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Quantum interference in electron collision

Quantum interference in electron collision The indistinguishability of identical quantum particles can lead to quantum interferences that profoundly affect their scattering 1,2 . If two particles collide and scatter, the process that results in the detection of the first particle in one direction and the second particle in another direction interferes quantum mechanically with the physically indistinguishable process where the roles of the particles are reversed. For bosons such as photons, a constructive interference between probability amplitudes can enhance the probability, relative to classical expectations, that both are detected in the same direction — this is known as ‘bunching’. But for fermions such as electrons, a destructive interference should suppress this probability (‘anti-bunching’); this interference is the origin of the Pauli exclusion principle, which states that two electrons can never occupy the same state. Although two-particle interferences have been shown for colliding photons 3,4 , no similar demonstration for electrons exists 2,5,6 . Here we report the realization of this destructive quantum interference in the collision of electrons at a beam splitter. In our experiments, the quantum interference responsible for the Pauli exclusion principle is manifest as the suppression in electron current noise after collision. http://www.deepdyve.com/assets/images/DeepDyve-Logo-lg.png Nature Springer Journals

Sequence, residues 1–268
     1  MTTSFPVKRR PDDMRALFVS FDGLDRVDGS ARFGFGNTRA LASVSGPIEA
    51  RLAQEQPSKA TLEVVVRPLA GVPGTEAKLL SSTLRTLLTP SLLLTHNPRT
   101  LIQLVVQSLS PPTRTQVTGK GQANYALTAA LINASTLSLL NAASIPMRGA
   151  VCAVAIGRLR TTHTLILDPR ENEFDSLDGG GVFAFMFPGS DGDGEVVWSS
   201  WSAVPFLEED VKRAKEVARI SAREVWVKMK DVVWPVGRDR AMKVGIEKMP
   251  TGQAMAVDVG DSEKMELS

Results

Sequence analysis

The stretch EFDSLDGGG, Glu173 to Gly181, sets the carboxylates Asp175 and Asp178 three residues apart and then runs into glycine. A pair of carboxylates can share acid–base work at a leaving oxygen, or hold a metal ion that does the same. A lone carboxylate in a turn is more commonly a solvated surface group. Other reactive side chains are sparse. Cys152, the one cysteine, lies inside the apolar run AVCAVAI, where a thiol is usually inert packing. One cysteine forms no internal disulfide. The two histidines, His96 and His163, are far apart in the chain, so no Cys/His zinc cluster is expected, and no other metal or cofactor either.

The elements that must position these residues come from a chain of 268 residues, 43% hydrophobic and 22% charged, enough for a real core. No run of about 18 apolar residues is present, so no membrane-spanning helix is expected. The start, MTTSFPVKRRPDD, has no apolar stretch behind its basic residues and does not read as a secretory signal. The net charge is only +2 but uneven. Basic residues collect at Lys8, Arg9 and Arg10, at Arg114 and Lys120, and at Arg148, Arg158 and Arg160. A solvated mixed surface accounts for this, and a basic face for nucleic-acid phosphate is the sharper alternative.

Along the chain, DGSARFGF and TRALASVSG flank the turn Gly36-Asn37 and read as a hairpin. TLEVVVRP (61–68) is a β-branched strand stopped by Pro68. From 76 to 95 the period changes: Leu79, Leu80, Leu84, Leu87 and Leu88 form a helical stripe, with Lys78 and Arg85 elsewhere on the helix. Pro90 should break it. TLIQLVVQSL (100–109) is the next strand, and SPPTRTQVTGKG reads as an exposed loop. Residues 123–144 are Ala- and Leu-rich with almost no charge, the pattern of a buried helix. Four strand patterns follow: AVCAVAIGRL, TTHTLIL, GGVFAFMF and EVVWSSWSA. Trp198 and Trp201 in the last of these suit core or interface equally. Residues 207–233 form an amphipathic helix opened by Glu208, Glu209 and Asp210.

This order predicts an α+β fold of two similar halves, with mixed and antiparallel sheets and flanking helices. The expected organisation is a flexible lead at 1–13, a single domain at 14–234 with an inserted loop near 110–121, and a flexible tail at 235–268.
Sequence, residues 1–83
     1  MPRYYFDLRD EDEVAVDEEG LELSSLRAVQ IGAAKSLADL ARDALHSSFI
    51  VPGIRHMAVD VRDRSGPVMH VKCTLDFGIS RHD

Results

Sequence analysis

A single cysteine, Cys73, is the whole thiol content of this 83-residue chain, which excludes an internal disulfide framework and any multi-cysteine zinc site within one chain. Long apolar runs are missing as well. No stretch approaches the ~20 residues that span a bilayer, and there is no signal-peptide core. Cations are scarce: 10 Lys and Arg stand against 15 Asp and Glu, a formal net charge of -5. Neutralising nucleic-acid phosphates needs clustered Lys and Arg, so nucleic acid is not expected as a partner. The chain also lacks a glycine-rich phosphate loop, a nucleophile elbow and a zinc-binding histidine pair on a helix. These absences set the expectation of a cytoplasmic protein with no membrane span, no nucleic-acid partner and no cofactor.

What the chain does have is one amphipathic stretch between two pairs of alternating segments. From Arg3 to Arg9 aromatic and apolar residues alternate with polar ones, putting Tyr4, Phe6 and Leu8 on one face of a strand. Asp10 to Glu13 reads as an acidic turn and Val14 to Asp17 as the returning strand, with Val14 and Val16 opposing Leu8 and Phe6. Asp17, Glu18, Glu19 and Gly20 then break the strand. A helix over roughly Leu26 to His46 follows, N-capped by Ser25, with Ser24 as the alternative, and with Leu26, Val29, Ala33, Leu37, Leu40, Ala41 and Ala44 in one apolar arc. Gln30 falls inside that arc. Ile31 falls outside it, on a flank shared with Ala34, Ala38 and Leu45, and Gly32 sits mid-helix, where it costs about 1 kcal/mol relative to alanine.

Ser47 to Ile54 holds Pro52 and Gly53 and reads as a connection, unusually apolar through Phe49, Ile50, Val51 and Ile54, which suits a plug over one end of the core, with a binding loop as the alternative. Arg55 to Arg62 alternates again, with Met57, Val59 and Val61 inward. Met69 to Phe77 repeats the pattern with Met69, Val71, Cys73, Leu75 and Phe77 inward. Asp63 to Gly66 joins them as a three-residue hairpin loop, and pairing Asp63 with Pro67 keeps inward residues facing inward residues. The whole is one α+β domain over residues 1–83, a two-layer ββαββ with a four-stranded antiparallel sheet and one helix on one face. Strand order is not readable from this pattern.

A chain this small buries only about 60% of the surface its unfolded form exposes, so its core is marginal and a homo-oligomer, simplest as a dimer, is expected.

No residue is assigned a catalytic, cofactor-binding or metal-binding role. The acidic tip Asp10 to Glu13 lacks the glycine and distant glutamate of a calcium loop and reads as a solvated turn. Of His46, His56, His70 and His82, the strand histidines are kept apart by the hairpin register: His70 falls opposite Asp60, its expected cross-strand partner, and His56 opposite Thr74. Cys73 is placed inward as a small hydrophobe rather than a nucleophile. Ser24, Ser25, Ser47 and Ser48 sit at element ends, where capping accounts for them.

Quantum interference in electron collision

Nature , Volume 391 (6664) – Jan 15, 1998

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References (17)

Publisher
Springer Journals
Copyright
Copyright © 1998 by Macmillan Magazines Ltd.
Subject
Science, Humanities and Social Sciences, multidisciplinary; Science, Humanities and Social Sciences, multidisciplinary; Science, multidisciplinary
ISSN
0028-0836
eISSN
1476-4687
DOI
10.1038/34611
Publisher site
See Article on Publisher Site

Abstract

The indistinguishability of identical quantum particles can lead to quantum interferences that profoundly affect their scattering 1,2 . If two particles collide and scatter, the process that results in the detection of the first particle in one direction and the second particle in another direction interferes quantum mechanically with the physically indistinguishable process where the roles of the particles are reversed. For bosons such as photons, a constructive interference between probability amplitudes can enhance the probability, relative to classical expectations, that both are detected in the same direction — this is known as ‘bunching’. But for fermions such as electrons, a destructive interference should suppress this probability (‘anti-bunching’); this interference is the origin of the Pauli exclusion principle, which states that two electrons can never occupy the same state. Although two-particle interferences have been shown for colliding photons 3,4 , no similar demonstration for electrons exists 2,5,6 . Here we report the realization of this destructive quantum interference in the collision of electrons at a beam splitter. In our experiments, the quantum interference responsible for the Pauli exclusion principle is manifest as the suppression in electron current noise after collision.

Journal

NatureSpringer Journals

Published: Jan 15, 1998

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